esac
}

complete -F _GetOptMyCommand my_command

A variant using find could be something in direction of this:

_zaso()
{
    local dir="$1"

    pushd "$dir" >/dev/null
    find * -maxdepth 0 2>/dev/null
    popd >/dev/null
}

_comp_with_find()
{
    local cur dir      
    local IFS=$'\n'

    cur="$1"
    dir="$2"

    compopt -o filenames 2>/dev/null
    COMPREPLY=( $( compgen -W "$(_zaso "$dir")" -- "$cur" ) );
}

Also note that printf in Bash has a %q option. So to generate quoted strings this is an option to play with:

find * -maxdepth 0 2>/dev/null && \
while read -r tmp; do
    printf "%q\n" "$tmp"
done <<< "$x"

Also not that file names can have newline characters in which a lot of this will break. Have not found a way to use \0 with compgen.

  • Thanks for the location of the built-in autocomplete, I was actually wondering where it was stored. Once I get my stuff working I'll post the details, thanks again ! – Pierre Mourlanne May 25 '13 at 10:45
  • @PierreMourlanne: Yes, there is a lot to learn from reading those scripts. Also look in (probably completions/) subdirectory of where bash_completion reside for command specific completion scripts. There should be quite a long nice list with scripts. – Runium May 25 '13 at 10:57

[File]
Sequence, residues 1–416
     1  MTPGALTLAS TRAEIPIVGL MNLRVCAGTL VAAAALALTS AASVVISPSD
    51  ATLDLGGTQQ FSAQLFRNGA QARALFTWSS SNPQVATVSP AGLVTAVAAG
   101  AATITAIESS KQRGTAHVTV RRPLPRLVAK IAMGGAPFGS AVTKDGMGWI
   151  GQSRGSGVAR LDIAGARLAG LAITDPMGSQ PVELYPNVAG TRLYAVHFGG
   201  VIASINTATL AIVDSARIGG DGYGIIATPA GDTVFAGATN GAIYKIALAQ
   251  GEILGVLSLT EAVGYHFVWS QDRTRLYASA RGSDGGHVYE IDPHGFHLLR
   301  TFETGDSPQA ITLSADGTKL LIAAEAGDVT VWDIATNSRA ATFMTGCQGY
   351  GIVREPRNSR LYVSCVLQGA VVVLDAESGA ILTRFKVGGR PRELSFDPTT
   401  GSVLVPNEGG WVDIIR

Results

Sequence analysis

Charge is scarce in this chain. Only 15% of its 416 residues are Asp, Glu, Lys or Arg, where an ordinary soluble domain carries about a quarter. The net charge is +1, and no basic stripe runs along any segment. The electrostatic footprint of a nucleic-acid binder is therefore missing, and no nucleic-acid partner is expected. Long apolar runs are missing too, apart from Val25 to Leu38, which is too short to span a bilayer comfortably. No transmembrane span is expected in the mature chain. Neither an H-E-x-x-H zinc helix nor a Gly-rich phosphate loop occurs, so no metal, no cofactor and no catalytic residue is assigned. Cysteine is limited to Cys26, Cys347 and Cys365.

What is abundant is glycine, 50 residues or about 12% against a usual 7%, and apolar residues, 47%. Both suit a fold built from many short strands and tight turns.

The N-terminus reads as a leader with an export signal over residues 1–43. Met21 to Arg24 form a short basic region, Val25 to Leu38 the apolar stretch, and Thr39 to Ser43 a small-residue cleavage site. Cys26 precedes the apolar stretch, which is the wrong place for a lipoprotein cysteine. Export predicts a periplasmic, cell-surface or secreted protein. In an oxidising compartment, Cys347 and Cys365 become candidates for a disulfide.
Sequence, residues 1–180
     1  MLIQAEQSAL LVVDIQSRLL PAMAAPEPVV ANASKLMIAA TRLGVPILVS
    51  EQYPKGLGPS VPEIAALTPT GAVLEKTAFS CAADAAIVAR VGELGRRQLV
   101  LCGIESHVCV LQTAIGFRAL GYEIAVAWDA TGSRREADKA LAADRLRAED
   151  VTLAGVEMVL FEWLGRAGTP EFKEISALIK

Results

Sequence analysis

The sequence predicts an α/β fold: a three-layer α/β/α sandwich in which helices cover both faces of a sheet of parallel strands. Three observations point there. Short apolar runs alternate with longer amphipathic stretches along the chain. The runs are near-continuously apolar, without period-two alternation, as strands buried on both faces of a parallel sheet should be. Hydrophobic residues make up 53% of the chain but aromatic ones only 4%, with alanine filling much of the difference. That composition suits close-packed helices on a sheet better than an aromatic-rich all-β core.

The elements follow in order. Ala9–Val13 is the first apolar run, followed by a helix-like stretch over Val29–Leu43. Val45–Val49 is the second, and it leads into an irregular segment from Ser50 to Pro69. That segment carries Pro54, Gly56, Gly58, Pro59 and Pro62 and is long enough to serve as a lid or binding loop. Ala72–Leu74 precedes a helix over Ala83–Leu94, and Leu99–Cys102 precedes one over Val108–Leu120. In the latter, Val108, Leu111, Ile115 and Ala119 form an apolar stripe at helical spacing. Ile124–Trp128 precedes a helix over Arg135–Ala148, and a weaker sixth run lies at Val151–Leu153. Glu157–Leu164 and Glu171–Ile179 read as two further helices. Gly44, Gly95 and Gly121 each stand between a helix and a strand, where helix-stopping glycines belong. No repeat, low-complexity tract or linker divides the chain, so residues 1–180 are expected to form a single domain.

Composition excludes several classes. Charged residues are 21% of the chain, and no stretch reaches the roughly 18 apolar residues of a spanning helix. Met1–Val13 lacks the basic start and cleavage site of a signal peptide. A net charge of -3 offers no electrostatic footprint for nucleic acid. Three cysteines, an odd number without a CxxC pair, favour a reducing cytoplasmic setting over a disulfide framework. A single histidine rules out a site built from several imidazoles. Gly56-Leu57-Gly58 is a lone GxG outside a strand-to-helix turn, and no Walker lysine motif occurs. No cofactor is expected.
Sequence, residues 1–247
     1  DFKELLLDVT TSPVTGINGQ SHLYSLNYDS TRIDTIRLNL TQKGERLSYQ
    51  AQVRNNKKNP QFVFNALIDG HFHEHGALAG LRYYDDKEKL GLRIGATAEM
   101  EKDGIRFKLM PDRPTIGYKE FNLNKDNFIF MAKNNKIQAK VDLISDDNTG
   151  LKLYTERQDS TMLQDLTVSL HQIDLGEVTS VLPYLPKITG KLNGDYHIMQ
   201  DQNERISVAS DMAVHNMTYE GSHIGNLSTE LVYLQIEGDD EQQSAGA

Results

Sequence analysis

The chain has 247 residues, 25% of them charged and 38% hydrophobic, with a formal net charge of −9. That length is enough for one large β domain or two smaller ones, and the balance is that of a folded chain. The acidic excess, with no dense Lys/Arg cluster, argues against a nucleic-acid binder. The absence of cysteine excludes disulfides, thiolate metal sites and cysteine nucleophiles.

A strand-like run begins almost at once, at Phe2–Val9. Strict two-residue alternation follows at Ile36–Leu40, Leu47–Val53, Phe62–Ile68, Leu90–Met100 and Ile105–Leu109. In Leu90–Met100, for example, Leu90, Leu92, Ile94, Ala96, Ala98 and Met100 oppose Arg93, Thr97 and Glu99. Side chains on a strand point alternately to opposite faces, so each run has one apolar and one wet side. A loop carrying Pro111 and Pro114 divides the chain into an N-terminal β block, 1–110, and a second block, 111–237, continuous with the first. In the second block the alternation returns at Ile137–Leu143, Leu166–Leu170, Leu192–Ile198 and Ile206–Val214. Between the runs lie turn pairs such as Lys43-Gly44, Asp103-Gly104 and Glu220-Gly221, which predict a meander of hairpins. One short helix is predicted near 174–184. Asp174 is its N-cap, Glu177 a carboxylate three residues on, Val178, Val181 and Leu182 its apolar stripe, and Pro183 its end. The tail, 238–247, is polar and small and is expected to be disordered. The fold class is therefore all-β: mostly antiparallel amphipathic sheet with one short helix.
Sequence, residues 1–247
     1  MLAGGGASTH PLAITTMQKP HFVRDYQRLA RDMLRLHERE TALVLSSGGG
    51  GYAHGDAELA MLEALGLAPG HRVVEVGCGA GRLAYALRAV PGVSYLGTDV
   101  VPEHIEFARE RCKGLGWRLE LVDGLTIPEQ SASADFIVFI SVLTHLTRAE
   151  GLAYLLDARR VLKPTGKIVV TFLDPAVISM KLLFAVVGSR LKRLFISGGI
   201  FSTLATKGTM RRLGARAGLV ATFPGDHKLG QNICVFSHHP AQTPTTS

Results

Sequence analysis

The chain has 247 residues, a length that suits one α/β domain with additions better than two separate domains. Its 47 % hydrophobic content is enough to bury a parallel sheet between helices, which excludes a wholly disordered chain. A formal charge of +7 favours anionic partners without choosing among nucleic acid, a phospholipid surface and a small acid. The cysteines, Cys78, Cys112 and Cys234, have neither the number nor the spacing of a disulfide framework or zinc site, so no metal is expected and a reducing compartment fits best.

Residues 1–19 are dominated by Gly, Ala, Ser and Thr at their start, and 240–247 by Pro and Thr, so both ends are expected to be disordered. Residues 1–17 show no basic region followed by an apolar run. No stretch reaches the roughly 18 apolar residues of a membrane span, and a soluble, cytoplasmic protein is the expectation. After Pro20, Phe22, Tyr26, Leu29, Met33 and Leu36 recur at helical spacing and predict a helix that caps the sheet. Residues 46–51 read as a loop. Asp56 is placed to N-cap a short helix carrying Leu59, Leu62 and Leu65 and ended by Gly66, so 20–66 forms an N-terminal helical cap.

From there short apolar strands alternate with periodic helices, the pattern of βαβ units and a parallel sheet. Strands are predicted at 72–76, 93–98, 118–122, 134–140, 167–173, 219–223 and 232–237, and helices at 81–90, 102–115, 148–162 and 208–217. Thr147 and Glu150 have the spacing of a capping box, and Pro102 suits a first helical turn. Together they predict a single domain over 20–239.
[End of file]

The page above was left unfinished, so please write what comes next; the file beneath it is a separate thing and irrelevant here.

• Also. I did not think of that on your previous question, but compgen can also be used on your ssh server. – Runium May 25 '13 at 11:00
3

I encountered the same problem recently. I was able to make things work properly by changing the IFS variable with local IFS=$'\n' and then using arrays. Try using this:

_GetOptMyCommand(){
    # Backup old nullglob setting
    local shoptbakup="`shopt -p nullglob`"
    shopt -s nullglob

    local cur opts i opt
    local IFS=$'\n'
    cur="${COMP_WORDS[COMP_CWORD]}"

    case "$cur" in
    -*)
        opts=("-h" "-l" "--help" "--list");;
    *)
        # Get Files
        opts=(${cur}*)
    esac

    COMPREPLY=( $( compgen -W "${opts[*]}" -- "$cur" ) )

    # Restore nullglob setting
    eval "$shoptbakup" 2>/dev/null

    return 0
}
complete -o filenames -o bashdefault -F _GetOptMyCommand my_command
0

Try piping the find output through sed 's/ /\\ /'.

Note however that other characters(quotes, $, &.. all the usual suspects) can also trip you up.

sed 's/\([ $&!#*()<>|{}[?`"'"'"']\)/\\\1/'

may be better, as it will escape most "special" characters.

(I haven't figured out how to correctly escape \ yet, though)

  • I already tried this kind of things and the output of find does get properly formatted with the escaped space (another\ file). The problem probably lies afterwards, in the compgen -W "$(_get_file_list)" because I still get prompted with the three choices file, another and a_file. – Pierre Mourlanne May 25 '13 at 10:12
  • I understood that problem but didn't know how to fix it. You need "$@" style expansion. I just don't know how to get "$@" style expansion. – kampu May 25 '13 at 11:09